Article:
Is your dog “socially eavesdropping” on you?

As many dog owners know, the animals eagerly watch people all the time, said the study’s senior author, Kazuo Fujita, a professor of psychology and comparative cognition at Kyoto University in Japan.
But it’s not clear whether dogs watch people for the animals’ own immediate benefit (such as for a signal that they’re getting a treat) or simply to figure out what’s happening.
If dogs, or any animals, are able to socially eavesdrop on people, it could help the animals assess people from afar.

Dogs may play catch, obey commands and even share the occasional dessert with their owners, but can they understand simple interactions between people?

A new study says yip-yip-yes.

In a recent experiment, dogs tended to avoid people who had snubbed the animals’ owners, the researchers found. This suggests that dogs can read human social situations, an ability known as “social eavesdropping.” Read more…

Love Of Pets continues…

With 62% of Americans having at least one pet in their household, it’s easy to see how U.S. spending on pet care is approaching $20 billion.

According to a recent Nielsen survey conducted by Harris Poll, 95% of U.S. pet owners consider their pets to be part of the family. Two generations are spending the most: Millennials (65% own pets) and Gen X (71% own pets), according to the poll, which surveyed 2,205 U.S. adults, 1,323 of whom have at least one pet, online May 20-26. Read more…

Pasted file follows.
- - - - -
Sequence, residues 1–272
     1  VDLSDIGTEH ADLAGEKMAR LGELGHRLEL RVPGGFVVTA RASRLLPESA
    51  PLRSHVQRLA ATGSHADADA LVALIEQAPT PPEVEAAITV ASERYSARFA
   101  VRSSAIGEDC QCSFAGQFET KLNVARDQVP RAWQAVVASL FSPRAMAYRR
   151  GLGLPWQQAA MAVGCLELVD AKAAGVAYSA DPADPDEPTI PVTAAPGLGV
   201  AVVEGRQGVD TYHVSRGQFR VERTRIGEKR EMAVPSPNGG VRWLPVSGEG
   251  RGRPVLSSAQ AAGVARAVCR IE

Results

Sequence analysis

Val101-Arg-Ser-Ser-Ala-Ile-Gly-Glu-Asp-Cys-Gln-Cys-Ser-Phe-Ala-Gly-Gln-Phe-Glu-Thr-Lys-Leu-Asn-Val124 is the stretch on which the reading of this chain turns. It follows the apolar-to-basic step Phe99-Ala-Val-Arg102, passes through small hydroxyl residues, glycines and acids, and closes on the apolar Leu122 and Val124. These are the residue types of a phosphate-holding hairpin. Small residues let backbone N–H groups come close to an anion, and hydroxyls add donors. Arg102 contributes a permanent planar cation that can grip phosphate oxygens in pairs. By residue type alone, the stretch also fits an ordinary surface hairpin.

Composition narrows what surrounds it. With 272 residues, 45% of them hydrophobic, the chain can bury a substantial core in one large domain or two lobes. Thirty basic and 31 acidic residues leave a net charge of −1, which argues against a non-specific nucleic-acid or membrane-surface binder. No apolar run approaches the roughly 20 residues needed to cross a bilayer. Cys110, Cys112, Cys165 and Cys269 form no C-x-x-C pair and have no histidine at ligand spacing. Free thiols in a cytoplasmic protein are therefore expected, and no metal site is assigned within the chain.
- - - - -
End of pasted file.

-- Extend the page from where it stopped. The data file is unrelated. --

6 Common Mistakes You Might Be Making With Your Dog

Raising a good canine citizen doesn’t come naturally to every dog guardian, which is one of the reasons so many unlucky pups are relinquished to animal shelters each year. Many people don’t realize that molding a puppy or adopted adult dog into a balanced canine companion requires a considerable investment of time and energy. Often dog owners develop bad habits without realizing it and are left feeling confused and frustrated with their dog’s uncooperative behavior.

Read more…

5 Jaw-Dropping Facts About Online Cat Videos

Cat videos are so ubiquitous on the Internet that they’ve become shorthand for the most trivial kind of clickbait. But a new exhibition called How Cats Took Over the Internet, now at Museum of the Moving Image in New York City, suggests that these feline videos can be more than a waste of time.

  1. Cat videos are a great mirror for the rise of online media.
  2. Cats do not actually dominate the Internet.
  3. Watching those cat videos may actually be good for you.
  4. Many of the people investigating the Internet cat videos do not actually consider themselves cat people.
  5. When we watch cat videos, we’re really looking for moments that remind us of ourselves.

Read more….

How Cats Clawed Their Way to Internet Stardom

“There is this understanding for anyone who spends time on the Internet that cats have this outsized role,” Mr. Eppink said. “The rise in attention to cats on the Internet gave cat lovers and cat enthusiasts this voice that they didn’t think they had.”
Read more….

Grumpy Cat, whose real name is Tardar Sauce, became a pop culture sensation. Photo: NBC/Getty Images